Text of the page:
Feast Day : Formerly December 4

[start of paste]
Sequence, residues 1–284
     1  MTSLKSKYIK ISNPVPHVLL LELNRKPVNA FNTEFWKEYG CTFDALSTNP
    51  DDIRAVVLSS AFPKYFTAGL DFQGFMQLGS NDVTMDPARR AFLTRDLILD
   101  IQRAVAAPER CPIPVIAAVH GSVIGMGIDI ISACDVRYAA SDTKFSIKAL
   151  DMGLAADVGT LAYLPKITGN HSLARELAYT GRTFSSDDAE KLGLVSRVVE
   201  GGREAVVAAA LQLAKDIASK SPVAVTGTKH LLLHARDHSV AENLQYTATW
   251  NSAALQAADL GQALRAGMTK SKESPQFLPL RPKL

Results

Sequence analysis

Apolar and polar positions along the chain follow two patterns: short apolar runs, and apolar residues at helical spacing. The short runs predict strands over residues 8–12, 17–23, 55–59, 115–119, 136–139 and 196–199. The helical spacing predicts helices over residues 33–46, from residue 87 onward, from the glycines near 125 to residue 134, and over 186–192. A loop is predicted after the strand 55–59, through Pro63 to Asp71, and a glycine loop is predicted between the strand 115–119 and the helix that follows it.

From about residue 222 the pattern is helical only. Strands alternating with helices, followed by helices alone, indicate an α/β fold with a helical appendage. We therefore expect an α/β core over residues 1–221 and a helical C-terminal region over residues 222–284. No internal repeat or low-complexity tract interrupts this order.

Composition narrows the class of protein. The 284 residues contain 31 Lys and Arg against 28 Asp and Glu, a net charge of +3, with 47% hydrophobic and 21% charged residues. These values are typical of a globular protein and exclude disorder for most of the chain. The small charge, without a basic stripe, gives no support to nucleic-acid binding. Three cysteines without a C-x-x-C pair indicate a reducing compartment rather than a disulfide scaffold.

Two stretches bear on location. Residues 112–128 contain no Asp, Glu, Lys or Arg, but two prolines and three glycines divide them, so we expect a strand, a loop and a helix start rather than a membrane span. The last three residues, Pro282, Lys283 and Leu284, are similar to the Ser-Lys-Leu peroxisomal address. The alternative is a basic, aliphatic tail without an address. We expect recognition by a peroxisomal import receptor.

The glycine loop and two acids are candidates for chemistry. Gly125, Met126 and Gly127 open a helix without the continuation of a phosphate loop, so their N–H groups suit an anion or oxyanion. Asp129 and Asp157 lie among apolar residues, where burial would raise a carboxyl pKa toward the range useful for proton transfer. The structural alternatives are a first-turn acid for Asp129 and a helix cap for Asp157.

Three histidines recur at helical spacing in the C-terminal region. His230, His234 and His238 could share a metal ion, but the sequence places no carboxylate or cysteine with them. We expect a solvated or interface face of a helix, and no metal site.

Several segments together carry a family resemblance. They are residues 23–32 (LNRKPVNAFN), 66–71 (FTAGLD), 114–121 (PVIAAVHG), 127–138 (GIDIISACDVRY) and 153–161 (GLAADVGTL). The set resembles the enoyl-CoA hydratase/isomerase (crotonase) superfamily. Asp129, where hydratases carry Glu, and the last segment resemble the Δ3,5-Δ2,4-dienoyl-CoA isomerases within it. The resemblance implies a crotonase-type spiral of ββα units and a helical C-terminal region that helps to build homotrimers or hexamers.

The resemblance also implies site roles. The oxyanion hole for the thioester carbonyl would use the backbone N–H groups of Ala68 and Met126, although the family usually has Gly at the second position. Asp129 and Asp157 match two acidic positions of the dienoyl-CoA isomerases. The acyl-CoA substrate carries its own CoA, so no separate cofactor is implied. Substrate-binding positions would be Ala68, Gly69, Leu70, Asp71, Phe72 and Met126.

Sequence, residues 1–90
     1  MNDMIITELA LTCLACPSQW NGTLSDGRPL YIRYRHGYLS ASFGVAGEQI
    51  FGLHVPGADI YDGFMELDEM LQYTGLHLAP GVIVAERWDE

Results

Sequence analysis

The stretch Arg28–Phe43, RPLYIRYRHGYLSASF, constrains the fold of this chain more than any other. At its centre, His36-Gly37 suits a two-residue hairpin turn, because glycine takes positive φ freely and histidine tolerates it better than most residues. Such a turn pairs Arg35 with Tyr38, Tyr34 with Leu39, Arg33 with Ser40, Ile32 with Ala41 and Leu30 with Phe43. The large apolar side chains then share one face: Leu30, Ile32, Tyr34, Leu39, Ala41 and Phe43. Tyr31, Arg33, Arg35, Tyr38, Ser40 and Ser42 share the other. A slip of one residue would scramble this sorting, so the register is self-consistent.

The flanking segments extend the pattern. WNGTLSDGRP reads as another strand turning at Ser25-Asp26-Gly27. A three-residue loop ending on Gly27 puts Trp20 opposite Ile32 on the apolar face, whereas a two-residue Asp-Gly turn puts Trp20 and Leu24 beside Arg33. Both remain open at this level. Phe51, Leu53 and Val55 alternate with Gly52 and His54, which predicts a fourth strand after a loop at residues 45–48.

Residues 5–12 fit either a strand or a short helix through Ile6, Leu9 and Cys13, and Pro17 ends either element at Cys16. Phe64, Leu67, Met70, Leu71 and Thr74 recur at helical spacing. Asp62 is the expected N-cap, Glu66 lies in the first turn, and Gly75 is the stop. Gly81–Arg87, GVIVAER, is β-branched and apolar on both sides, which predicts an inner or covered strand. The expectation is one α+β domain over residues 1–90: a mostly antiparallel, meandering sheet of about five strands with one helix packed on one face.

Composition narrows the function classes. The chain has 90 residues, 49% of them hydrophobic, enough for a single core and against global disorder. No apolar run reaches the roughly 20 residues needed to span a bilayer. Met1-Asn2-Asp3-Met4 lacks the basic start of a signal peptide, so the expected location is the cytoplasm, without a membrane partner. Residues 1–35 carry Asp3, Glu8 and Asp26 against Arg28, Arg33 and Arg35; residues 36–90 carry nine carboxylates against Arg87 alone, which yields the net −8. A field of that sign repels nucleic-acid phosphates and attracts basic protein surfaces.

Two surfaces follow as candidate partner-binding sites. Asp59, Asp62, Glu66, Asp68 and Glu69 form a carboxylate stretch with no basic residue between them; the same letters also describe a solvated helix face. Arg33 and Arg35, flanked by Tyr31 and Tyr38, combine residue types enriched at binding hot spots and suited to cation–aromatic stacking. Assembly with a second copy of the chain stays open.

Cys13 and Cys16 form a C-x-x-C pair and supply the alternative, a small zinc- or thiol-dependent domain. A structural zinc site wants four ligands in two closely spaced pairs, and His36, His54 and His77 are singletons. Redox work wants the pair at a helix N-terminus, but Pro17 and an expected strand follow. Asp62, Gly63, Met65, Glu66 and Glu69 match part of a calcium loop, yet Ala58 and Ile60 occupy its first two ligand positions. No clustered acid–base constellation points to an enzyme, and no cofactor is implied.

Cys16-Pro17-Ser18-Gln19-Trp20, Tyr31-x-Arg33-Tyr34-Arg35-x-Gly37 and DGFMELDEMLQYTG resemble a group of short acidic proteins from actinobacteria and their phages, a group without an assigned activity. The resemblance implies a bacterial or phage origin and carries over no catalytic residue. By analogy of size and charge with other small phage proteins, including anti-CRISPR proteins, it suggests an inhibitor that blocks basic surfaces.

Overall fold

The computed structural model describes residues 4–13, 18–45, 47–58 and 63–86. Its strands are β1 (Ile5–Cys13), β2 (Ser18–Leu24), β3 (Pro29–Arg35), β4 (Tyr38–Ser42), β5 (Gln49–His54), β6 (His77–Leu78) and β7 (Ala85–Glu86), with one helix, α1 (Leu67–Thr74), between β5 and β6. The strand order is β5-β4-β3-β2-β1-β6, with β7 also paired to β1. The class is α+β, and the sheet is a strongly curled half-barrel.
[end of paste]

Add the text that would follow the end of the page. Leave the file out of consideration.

Clement of Alexandria’s date of birth is unknown; his birthplace is likely to have been Athens. He was con- verted and traveled about in search of religious instruction and eventually settled in Alexandria, where he enjoyed the diversity of race, culture and religion. He became attracted to the teachings of Pantaenus, head of the catechetical school of Alexandria. He succeeded Pantaenus in about 190. In 202, persecutions began in Egypt and Clement left Alexandria for Caesarea in Cappadocia, where he met his friend and former pupil, Bishop Alexander, who was converting people from prison. Clement had a profound effect upon another church father, Origen, who succeeded him at Alexandria. He died around 215, probably in Cappadocia. Clement left a large body of writings. Some of his doctrines were found to be erroneous or suspect. Nonetheless, his name was entered in the martyrologies and he was venerated as a saint into the 17th century. Pope Clement VIII (r. 1592–1605) revised the Roman Martyrology and dropped Clement’s name from the list. This decision was upheld by Pope Benedict XIV (r. 1740–58) on the grounds that no cultus had ever established itself around him. Clement’s works have found new favor in modern times.